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Why Busy Leaders Make Bad Leaders

busy leaders

Ask a lot of people how they are, and they’ll shoot you a single word answer: Busy.

If you’re a regular reader, you’ll know that’s a pet peeve of mine. I hate it when people tell me they’re busy.

What does that really accomplish in the first place? Nothing.

How does it help the person you’re talking to? Right, it doesn’t.

But deeper than my social aggravation is this issue: I’ve noticed that people who usually tell you they’re busy are often bad leaders.

Or flip that. Talk to highly effective leaders and you’ll notice they rarely tell you they’re busy.

In fact, some of the finest leaders I know almost emit a sense of busyness or overwhelm, yet they’re often juggling 100x more responsibility and weight than the retired person who tells you they’re busier than when they used to work, or the leader of a small organization who is running around like a headless chicken.

Why do busy leaders make bad leaders?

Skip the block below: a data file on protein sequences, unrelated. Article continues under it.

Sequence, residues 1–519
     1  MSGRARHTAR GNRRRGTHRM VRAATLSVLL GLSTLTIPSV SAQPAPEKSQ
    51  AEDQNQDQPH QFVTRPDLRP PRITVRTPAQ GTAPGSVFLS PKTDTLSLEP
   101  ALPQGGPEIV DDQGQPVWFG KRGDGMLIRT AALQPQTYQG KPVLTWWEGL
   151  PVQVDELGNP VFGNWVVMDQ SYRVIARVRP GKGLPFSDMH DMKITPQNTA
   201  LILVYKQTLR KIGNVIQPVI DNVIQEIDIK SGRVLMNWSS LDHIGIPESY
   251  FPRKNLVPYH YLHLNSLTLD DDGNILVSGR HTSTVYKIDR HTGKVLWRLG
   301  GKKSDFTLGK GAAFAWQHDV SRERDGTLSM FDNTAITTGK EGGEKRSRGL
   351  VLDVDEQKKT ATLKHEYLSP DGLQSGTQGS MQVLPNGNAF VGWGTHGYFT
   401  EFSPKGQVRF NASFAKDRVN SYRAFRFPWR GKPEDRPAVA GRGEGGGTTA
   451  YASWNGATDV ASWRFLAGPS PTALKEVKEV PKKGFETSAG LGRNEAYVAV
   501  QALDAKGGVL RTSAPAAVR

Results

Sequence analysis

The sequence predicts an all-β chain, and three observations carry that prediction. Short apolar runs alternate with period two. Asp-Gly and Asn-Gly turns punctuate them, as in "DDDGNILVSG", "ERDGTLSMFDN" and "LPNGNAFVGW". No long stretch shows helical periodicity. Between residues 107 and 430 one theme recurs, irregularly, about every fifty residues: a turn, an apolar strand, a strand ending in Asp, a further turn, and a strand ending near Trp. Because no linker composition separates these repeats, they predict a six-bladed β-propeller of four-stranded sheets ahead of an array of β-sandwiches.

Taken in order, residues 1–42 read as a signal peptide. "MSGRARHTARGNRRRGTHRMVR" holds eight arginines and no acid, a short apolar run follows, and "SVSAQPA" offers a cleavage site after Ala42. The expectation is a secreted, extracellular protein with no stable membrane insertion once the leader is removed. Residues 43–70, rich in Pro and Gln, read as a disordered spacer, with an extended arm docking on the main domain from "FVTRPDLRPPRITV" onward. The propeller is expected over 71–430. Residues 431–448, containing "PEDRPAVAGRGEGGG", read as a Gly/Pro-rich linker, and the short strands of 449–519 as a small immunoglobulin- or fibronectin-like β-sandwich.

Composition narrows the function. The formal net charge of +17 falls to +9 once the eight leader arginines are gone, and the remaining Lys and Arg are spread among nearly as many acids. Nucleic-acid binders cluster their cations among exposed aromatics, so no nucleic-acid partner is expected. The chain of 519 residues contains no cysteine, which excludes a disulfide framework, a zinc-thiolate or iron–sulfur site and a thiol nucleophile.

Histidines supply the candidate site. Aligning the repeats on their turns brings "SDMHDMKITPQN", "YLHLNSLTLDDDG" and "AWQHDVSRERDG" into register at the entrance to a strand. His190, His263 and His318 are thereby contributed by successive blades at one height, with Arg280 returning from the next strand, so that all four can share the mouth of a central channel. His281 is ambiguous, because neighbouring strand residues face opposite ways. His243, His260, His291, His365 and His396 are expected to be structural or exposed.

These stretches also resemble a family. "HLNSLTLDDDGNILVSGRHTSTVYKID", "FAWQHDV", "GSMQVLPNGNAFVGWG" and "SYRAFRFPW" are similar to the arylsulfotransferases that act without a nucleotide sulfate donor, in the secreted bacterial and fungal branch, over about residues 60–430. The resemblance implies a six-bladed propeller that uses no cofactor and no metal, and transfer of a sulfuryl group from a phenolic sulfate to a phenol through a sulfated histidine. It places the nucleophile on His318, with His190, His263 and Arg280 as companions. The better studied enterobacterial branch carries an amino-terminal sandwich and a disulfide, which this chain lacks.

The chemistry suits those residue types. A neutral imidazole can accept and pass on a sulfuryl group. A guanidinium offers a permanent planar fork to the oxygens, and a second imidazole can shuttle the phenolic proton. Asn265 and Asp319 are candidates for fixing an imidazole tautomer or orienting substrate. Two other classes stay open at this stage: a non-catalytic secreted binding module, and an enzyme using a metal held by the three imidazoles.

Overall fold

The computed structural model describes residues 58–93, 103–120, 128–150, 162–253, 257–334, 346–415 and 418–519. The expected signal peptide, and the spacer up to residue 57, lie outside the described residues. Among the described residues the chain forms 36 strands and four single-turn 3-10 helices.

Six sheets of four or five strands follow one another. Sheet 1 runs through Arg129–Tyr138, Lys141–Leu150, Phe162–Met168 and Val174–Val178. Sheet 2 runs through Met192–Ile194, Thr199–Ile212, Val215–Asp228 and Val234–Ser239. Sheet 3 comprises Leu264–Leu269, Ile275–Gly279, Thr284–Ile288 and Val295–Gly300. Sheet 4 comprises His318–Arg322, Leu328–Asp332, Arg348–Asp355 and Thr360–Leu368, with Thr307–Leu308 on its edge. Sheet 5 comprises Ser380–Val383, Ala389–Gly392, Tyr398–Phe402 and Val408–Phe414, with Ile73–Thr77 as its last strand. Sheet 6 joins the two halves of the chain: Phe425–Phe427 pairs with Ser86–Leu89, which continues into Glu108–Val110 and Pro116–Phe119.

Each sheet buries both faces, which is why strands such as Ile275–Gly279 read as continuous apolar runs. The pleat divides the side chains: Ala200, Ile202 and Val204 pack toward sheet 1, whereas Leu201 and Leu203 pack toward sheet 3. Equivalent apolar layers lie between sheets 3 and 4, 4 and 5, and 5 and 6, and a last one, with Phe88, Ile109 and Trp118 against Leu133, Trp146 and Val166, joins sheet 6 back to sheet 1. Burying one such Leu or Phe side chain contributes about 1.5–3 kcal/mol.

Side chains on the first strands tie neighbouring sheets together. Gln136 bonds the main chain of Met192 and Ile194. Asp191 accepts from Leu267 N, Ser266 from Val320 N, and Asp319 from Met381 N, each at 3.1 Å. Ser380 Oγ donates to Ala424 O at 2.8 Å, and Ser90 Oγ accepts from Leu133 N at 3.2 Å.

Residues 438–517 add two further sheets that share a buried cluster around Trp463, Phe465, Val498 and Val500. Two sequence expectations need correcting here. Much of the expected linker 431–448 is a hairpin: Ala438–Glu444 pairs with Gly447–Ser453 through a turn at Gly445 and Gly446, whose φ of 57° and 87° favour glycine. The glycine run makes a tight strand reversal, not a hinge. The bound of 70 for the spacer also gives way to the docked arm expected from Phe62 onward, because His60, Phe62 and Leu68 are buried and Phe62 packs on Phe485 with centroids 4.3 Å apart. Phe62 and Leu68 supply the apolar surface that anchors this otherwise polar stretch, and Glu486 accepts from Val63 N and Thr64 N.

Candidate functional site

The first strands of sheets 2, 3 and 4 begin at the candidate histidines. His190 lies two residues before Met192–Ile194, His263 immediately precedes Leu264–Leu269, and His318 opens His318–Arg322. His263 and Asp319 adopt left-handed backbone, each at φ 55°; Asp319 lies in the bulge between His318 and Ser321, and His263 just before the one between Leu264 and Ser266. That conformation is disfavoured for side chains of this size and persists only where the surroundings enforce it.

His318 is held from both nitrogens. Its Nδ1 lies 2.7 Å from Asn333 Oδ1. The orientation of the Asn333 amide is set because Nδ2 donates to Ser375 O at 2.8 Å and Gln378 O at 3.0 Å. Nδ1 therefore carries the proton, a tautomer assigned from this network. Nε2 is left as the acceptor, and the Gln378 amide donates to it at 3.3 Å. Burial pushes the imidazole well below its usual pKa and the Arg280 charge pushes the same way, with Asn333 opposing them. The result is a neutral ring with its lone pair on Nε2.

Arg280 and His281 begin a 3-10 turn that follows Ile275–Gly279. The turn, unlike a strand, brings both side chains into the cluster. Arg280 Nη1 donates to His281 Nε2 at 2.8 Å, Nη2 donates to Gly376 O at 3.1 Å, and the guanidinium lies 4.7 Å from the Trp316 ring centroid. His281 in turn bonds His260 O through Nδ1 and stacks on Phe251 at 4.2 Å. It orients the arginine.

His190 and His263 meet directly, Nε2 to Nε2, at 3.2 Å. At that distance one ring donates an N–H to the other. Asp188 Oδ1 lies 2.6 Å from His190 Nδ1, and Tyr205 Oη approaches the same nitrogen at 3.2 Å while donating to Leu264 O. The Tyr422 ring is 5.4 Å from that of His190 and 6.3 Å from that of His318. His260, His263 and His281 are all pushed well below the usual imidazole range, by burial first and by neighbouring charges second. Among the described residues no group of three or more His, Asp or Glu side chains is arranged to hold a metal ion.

Five reasons.

1. Busy leaders have no plan

Busy leaders often lack a plan. There’s no structure to their day, or if there is, they don’t stick to it.

By contrast, highly productive and effective leaders have a plan and they stick to it.

If you find yourself too busy, ask yourself, what’s your plan not to be?

Can’t answer that?

That’s why you’re always so busy.

2. Busy leaders live in reactive mode

There are really only two ways to live life: reactively or proactively.

Proactive leaders make things happen. Reactive leaders merely respond to what’s happening.

The vast majority of people live reactively.

Reactive leaders often wait to see what happens and then respond accordingly, or they get diverted from crisis to crisis, issue to issue.

As a result, their most important tasks and responsibilities get pushed to the side.

Hours become days. Days become weeks. Weeks become years. And years become your legacy.

At the end of your life, you accomplished few significant things because all you did was react to what was happening around you.

Leaders who react to what’s happening rarely make things happen.